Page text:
8 Bit Philosophy: Is Change An Illusion? (Zeno's Paradoxes) | |

Is change an illusion? | |

I'd like to say that this was stupid, but I'm curious as to how this is smart. The only thing I got out of this is if you prevent change then change can't happen therefore change never happens. | |

Ah, one of those rare occasions where kicking someones teeth in is an appropriate counter argument. "You're fine Zeno, as you've explained those blows couldn't possibly have connected." | |

I really like these paradoxes. If you really want to think about the math, he is right. How does uncountable infinity work in a measurable world? I think the solution to this however, or rather the counter to this, is that time and space are not absolutely continuous, but rather spacetime exists in discrete quanta, even if these are too small for us to measure. Much like how we now know that light is not a continuous wave. | |

Paradoxes.... yes, this started out interesting enough. Learned about all that stuff in college, Zeno. Nowadays we have the answers. | |

Zeno's paradoxes are an example of armchair reasoning. Since his paradoxes are definitively false as you could not ever represent them in the real physical world. Also... Both paradoxes completely ignore velocity, which is quite strange. Edit: I had a double negative. Fun Fact - 3 out of every 4 of the 6000 languages on the planet have double negatives. | |

The problem with Zeno's Paradoxes is that they assume time and space are infinitely divisible. But Quantum Mechanics seems to suggest they are not. The position of electrons on atoms is a good example of this. They can only occupy curtain distances from the nucleus and not the space between. The other issue is that Infinity is just a concept and not a real thing. In math we tend to use things like 1/X approaches infinity as x approaches 0 from the right side. This is to describe a behavior as the number never truly reaches it since you can't. So the argument you can't do an infinite number of things thus motion is not possible is not valid because while it is true you can't do an infinite number of things that is because infinite is not a real definable number, it's like saying you can't do potato number of things. The arrow paradox also shows a lack of understanding when it comes to physics. Just because you break down time to the point where you have the arrow seemingly motionless in space, which is obvious as motion only exist because of time and thus arbitrarily declaring you can cut a slice out of it to examine is a major leap in and of itself, the arrow will still have the energy imparted upon via that famous equation E=mc^2. So the arrow still contains the energy even if that frozen moment makes it appear motionless, as in that case our perception would be lying to us as the arrow is indeed moving. | |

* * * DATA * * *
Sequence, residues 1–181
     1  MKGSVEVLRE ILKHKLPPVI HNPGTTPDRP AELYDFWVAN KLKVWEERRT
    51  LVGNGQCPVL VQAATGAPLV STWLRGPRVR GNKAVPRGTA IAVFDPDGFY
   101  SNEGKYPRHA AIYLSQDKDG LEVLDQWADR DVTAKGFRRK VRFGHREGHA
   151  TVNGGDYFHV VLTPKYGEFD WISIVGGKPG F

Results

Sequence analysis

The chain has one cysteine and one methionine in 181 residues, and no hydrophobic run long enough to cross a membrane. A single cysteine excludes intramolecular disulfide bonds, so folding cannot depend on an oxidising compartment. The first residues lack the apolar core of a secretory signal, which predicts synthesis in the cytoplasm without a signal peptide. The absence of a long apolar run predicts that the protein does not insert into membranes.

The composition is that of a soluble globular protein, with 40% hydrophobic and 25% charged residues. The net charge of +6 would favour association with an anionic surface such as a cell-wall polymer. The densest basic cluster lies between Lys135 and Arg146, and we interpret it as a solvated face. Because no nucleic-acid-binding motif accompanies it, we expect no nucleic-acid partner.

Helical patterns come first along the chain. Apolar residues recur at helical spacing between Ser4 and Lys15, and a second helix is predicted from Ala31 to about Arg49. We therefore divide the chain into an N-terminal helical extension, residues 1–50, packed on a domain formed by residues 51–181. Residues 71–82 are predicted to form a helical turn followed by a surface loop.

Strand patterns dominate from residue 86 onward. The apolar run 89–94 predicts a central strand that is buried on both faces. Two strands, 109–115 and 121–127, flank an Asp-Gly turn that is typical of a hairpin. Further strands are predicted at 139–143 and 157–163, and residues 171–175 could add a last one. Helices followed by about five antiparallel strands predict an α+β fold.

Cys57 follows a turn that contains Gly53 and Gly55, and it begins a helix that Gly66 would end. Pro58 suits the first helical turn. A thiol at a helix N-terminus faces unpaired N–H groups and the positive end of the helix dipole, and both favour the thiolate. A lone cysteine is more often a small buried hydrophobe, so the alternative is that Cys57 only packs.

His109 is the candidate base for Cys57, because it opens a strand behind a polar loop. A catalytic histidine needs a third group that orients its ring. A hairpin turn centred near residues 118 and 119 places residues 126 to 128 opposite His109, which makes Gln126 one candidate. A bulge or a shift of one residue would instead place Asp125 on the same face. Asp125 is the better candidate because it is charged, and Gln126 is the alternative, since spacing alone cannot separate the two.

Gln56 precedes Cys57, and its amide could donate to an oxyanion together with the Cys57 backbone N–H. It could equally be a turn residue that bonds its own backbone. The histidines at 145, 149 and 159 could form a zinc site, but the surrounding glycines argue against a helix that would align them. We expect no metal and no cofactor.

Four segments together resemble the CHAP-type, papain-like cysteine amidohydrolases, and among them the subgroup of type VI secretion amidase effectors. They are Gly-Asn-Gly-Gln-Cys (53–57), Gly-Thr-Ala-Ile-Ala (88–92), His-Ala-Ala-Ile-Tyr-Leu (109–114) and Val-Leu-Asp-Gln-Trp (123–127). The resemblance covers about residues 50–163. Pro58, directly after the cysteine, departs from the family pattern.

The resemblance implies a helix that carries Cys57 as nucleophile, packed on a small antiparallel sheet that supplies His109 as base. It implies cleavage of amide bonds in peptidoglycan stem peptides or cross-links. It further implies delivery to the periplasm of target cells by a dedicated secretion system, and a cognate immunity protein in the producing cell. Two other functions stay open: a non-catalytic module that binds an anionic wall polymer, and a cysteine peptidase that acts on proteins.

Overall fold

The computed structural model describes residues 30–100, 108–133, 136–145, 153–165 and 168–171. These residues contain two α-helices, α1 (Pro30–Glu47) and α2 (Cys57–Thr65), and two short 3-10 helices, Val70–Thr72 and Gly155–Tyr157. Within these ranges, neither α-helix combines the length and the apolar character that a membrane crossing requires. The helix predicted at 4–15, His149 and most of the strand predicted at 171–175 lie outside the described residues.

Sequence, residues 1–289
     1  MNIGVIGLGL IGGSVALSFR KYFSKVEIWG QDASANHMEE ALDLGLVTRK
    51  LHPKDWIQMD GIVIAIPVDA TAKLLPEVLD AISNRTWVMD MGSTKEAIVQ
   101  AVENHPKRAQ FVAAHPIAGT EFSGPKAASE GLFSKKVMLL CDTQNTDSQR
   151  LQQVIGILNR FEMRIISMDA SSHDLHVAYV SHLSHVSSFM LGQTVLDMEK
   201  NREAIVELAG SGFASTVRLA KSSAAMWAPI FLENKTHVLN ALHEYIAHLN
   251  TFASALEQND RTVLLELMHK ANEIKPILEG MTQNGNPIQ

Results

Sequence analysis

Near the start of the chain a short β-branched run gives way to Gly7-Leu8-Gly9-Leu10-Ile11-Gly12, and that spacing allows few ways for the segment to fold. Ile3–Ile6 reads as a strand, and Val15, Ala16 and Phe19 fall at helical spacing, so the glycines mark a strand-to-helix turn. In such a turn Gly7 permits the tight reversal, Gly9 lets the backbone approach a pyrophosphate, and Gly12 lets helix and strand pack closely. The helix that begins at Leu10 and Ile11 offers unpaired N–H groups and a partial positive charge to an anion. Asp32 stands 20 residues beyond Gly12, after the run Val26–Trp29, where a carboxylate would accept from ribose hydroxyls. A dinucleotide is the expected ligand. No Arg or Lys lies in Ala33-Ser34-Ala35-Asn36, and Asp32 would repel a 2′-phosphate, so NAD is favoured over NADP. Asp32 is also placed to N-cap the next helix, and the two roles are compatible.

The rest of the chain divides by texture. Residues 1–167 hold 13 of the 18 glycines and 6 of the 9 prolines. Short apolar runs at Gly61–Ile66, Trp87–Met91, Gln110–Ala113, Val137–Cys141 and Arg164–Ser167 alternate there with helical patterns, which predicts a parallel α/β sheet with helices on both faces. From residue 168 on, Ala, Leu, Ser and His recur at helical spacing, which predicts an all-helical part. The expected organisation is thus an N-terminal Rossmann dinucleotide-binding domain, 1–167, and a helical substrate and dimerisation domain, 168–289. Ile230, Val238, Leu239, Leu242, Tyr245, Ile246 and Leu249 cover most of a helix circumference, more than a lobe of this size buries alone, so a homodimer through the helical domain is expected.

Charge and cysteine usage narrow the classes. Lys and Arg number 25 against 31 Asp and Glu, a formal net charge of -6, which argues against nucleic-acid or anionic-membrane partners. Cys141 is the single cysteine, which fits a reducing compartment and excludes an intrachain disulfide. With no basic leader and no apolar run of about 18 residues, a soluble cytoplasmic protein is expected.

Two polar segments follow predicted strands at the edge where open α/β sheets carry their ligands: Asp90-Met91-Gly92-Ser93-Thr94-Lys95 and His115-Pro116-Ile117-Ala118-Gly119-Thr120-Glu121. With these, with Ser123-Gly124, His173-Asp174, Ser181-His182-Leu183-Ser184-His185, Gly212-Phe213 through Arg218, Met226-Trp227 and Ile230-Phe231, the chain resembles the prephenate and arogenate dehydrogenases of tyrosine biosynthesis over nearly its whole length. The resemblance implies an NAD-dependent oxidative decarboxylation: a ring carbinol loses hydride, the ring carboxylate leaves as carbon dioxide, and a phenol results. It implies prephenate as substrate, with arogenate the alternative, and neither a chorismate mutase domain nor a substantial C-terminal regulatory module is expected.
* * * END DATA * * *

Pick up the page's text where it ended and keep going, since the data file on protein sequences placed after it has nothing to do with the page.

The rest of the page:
Zeno's paradoxes fell long before the discovery of quantum mechanics. Even Zeno's contemporaries reacted with more of a, "Hey, that's a funny feature of maths - I wonder where the math is wrong," than treating Zeno's paradoxes as a be-all puzzle to be solved. As soon as mathematics advanced to the point where it can take the sum of an infinite series, the case was closed. Hell, *Aristotle* pointed out that Zeno was simply assuming space could be infinitely subdivided. He also answered it well enough for most mathematicians and philosophers to not give a damn about Zeno for centuries - right up until the discovery of infinities and calculus. As for the second point, not really. Zeno supposedly believed what we observe is unreal. The true, unchanging reality is not observed. It would be no puzzle for him to point out that physics is arrived at by *induction* about what we observe, and since his paradoxes "prove" what we observe is not the real, physics is derived from false observations and cannot reliably describe the reality beneath. In other words, an equation in physics is simply a model of reality based on observation, but Zeno has already with his paradox "proven" that the observations which went into making the model of reality - IE physics - are illusory. | |

The problem with Zeno's paradoxes is that you have to assume time is discrete, it's not, there is no such thing as a 'moment'. That's the easy way to dismiss it, but I like the one about force actually still being there in that hypothetical moment. Infinity doesn't translate well to real life things.
You wouldn't happen to have an example? | |

Well, I don't know. Are you an amoeba? Do I possess digits? Is there only one super-continent? Does the sun still revolve around the Earth? Nah, change isn't an illusion. Every footprint in the sand is still a footprint in the sand. | |

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